The QueQue: TPWD burro killings roiling West Texas, Preservation fights continue to percolate River Road
Published: November 22, 2011
EPA can’t champion environmental justice alone, he said, adding, “We just don’t have the ability, the authority, and the resources.” So EPA has to engage local communities, as well as the Texas Commission on Environmental Quality and state politicos, even as they rave against EPA in public.
At the start of Friday’s summit, Armendariz read through a list of headlines and comments from those in the anti-EPA wing (propagators of “radical, extremist regulations” that destroy jobs). “Maybe it has a place in an election season, but I should hope that we keep that kind of language to the side,” he told the crowd. Big oil and gas have enjoyed years of record profits, he noted, saying it’s time they step up and help fund community solutions to the problems they helped create. EPA’s Region Six, which includes Texas, he said, ranks number one in poverty among all other EPA regions.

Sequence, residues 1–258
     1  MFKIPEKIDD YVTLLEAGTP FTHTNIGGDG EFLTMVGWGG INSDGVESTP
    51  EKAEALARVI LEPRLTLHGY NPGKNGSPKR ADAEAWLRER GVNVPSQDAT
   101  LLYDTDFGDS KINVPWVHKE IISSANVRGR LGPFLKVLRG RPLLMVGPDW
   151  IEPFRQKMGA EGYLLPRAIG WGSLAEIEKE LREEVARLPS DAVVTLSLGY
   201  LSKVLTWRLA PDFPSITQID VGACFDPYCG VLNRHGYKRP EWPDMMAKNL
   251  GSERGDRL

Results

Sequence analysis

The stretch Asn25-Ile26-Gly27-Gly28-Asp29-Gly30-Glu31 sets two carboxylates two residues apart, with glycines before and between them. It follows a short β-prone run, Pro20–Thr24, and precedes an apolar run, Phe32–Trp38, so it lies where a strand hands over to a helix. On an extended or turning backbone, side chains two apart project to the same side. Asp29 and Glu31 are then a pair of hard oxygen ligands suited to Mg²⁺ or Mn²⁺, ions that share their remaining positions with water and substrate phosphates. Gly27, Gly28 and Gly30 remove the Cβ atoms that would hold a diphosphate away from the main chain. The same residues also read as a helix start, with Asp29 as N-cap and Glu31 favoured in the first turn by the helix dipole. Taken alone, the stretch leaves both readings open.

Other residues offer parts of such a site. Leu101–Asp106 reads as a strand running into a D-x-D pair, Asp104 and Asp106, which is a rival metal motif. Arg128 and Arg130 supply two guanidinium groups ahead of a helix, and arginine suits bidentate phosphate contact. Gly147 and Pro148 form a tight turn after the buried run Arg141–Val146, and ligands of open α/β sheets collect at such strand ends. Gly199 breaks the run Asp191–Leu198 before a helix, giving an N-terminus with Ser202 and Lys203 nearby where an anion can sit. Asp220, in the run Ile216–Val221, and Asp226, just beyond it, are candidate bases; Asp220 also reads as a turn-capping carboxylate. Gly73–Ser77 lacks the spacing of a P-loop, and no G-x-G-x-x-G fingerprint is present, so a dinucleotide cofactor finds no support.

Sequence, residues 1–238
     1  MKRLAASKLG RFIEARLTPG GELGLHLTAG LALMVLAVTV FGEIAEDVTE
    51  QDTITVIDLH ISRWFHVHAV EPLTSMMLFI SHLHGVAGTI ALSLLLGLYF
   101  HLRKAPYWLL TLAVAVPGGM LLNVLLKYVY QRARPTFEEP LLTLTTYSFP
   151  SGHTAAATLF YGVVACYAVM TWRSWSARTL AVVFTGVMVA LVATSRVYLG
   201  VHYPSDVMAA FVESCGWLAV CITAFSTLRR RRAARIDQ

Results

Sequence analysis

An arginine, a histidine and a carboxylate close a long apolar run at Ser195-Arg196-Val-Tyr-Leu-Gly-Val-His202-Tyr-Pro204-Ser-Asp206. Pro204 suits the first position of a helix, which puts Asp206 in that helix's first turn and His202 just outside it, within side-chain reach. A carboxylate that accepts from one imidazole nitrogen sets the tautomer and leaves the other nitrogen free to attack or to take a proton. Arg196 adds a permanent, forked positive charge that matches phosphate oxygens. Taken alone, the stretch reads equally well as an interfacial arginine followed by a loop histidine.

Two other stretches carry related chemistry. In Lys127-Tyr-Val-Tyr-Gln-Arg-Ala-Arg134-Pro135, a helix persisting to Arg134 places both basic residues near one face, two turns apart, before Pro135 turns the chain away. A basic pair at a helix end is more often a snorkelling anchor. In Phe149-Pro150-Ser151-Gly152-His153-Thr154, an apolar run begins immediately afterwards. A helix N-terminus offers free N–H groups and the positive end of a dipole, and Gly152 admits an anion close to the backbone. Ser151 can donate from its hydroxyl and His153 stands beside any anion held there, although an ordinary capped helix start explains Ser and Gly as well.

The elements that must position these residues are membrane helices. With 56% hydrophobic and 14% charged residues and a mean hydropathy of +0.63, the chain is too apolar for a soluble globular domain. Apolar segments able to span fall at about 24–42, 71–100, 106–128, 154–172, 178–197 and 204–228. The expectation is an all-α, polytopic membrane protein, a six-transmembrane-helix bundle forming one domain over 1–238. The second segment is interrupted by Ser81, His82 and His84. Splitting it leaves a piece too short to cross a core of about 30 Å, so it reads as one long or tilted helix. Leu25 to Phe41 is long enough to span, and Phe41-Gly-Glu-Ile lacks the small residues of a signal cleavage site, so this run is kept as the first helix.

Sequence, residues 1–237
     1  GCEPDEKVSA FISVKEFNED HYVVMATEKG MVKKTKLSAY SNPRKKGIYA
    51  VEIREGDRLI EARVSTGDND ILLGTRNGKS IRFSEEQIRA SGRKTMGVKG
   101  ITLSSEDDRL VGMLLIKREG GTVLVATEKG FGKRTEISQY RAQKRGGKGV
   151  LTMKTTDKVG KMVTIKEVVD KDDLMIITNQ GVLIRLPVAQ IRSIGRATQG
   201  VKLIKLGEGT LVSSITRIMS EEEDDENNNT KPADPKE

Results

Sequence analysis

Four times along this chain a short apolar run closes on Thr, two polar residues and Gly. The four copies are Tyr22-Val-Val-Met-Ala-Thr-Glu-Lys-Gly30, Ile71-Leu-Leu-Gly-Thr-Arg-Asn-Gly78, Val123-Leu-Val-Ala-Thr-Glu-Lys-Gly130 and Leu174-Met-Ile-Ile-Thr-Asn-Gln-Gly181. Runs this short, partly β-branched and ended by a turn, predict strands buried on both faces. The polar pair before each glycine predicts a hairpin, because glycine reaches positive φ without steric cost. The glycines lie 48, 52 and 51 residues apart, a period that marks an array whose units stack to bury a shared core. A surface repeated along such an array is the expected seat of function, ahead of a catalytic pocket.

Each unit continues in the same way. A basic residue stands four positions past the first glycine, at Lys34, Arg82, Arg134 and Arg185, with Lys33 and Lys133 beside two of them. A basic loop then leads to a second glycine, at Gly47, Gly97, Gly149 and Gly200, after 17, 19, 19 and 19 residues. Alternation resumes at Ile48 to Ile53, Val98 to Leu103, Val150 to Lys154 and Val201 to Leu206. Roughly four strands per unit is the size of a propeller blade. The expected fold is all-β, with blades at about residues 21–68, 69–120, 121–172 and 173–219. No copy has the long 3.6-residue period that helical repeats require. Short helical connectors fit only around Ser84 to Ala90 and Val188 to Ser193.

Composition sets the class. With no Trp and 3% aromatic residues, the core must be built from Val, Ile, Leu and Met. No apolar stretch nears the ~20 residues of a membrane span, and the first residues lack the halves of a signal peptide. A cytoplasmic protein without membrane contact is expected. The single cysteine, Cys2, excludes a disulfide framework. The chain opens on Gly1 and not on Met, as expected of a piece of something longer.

The comment drew quiet grumblings of “wealth redistribution” from industry reps, most of whom remained mum during Friday’s summit.
Can all play nice, even as the state sues to block new greenhouse gas regs and tightened air-quality standards? Confidence in voluntary industry steps toward environmental justice is clearly lacking, considering the state regulatory climate that permits the new petroleum-coke burning Las Brisas power plant, which the TCEQ green-lighted early this year in clear defiance of the EPA and against the advice of two administrative law judges, as well as the Nueces County Medical Society. It’s difficult to see what steps TCEQ and EPA can jointly take when both appear to be working from different playbooks — even in Corpus. An internal EPA “watch list” obtained by the Center for Public Integrity earlier this month shows the agency has flagged five out of the area’s six major refineries here for serious or repeat Clean Air Act violations.
Billy Placker, who lives along Refinery Row where residents for years have been clamoring for attention from the TCEQ, EPA, and industry to help explain the high number of birth defects and elevated cancer rates that mar the neighborhood, said he worried industry and state regulators would walk away from Friday’s summit smiling, having engaged with neighbors but committing to nothing. “After all this, to me, this still looks like a system designed to fail. It’s system designed to fail us,” said Placker. •